Dutch casino closures dent bottom line

By Mia Chapman Updated
Dutch online betting legalisation to receive dozens of applications 

Casinos in Europe are grappling with pending changes, as the coronavirus pandemic worsens in the continent.

Calvin Ayre reports Dutch gambling venues have been hit with new restrictions on their hours of operation, while London casinos are trying to fend off fresh curfews.

The Netherlands’ Ministry of Health, Welfare and Sport issued a release last Friday, stating that new regional measures to control the spread of coronavirus would be implemented.

The restrictions, which took effect at 6pm on Sunday, require all venues with catering licences to stop accepting guests after midnight and all guests must leave venues by 1am. 

The new rules apply to six venues in geographic regions currently facing “the sharpest increase in coronavirus infections”.

These regions are Amsterdam-Amstelland, Rotterdam-Rijnmond, Haaglanden, Utrecht, Kennemerland and Hollands Midden, which contain most of the country’s major cities, including Amsterdam, Rotterdam and the Hague.

The news is a bitter blow for the state-run Holland Casino, which just last week was celebrating plans to extend operating hours at some venues from 3am to 4am.

The rationale behind this change was that staying open longer allowed the venues to accept more guests under existing COVID-19 restraints, which limit the number of guests allowed inside at any one time to 30 per cent of normal capacity.

Holland Casino was forced to close all 14 venues on March 13 due to the pandemic and only received permission to reopen on July 1.

In August, the company noted its first half sales had fallen 58.7 per cent year-on-year, resulting in a 28.3 million euro loss for the six months ending June 30.

Prior to the shutdown, Holland Casino had been enjoying a 7 per cent revenue rise thanks to a near four per cent rise in customer visitation and more than three per cent increase in customer spend.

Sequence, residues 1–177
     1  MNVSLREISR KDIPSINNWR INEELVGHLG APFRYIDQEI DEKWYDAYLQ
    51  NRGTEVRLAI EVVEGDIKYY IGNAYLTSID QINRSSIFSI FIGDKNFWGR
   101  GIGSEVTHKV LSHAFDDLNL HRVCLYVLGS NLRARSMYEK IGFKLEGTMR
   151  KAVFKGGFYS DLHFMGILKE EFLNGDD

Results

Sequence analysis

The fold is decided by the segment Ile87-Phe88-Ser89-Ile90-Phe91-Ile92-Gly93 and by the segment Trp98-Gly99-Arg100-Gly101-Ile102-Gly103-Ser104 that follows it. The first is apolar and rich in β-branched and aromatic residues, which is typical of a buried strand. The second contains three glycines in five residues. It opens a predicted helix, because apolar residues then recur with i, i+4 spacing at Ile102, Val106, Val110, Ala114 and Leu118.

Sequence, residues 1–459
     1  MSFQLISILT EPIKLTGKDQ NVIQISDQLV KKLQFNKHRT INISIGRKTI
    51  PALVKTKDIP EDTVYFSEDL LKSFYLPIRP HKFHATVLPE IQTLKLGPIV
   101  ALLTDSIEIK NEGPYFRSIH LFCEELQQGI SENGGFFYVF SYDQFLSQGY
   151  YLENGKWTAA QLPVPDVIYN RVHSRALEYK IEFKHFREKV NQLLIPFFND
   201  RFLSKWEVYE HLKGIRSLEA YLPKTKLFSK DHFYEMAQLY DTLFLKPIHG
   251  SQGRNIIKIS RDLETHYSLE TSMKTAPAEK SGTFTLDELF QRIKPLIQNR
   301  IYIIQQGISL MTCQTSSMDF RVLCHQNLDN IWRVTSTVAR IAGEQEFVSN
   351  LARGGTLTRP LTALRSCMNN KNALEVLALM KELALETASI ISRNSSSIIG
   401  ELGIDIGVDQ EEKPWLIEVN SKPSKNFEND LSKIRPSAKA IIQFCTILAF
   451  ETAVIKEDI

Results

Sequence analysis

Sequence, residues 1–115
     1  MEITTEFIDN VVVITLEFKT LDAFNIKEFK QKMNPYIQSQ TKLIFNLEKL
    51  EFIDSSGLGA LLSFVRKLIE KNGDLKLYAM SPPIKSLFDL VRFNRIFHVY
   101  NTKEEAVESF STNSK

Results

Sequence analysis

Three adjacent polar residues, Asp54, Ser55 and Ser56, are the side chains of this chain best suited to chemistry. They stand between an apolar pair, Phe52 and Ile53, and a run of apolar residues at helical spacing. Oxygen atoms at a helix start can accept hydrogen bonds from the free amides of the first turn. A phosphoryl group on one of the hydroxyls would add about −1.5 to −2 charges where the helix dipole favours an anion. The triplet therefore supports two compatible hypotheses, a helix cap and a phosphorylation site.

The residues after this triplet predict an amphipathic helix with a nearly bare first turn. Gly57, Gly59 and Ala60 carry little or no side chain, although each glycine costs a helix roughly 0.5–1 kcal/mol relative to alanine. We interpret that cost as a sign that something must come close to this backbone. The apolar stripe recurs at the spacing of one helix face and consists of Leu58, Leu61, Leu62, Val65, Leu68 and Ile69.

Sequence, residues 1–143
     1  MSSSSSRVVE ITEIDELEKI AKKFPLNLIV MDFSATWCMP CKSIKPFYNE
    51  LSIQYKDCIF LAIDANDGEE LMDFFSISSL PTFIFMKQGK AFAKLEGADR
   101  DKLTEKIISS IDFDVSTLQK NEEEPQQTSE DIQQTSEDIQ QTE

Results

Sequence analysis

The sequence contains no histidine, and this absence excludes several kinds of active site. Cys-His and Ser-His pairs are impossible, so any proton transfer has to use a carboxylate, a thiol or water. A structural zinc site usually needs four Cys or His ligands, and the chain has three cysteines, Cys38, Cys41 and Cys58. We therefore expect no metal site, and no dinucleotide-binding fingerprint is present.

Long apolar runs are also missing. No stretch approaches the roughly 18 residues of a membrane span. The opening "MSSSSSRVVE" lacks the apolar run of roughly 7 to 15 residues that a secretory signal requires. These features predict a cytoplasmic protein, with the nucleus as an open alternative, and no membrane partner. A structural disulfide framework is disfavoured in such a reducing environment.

Chief financial officer Ruud Bergervoet said this, along with government support, gave the company sufficient liquidity to sustain it through the closure.

Chief executive Erwin van Lambaart said in August that the outlook for the rest of 2020 was “not exactly rosy and for next year extremely uncertain.”

The chief executive said the company was studying all options to ensure it could “remain financially health and future-proof”, promising to issue more precise details by December.

London hopes to be spared from curfew

The UK Betting and Gaming Council is pleading with the government not to include London’s casinos in a planned 10pm curfew for entertainment venues.

London’s 26 casinos sent Mayor Sadiq Khan a letter noting they do up to 70 per cent of their business after 10pm and thus an early close could have a “catastrophic” impact on operations.

The casinos, which were shut down in mid-March along with other non-essential retail, were only allowed to reopen in mid-August, two months after betting shops could reopen.

The casinos have proposed halting the sale of alcohol after 10pm, reasoning that closing their bars will lessen the likelihood of groups congregating in small areas.

The casino also believes their customers’ average age of 48 makes it less likely that their venues will feature the kind of cavalier approach to social distancing associated with younger revellers.

Gaming council chief executive Michael Dugher said his group supported public health initiatives but “a blanket 10pm curfew would be devastating” for an industry only just getting back on its feet after five months of inactivity.

Dugher warned that thousands of casino jobs were on the line and the potential permanent closure could inhibit overall economic rebound.

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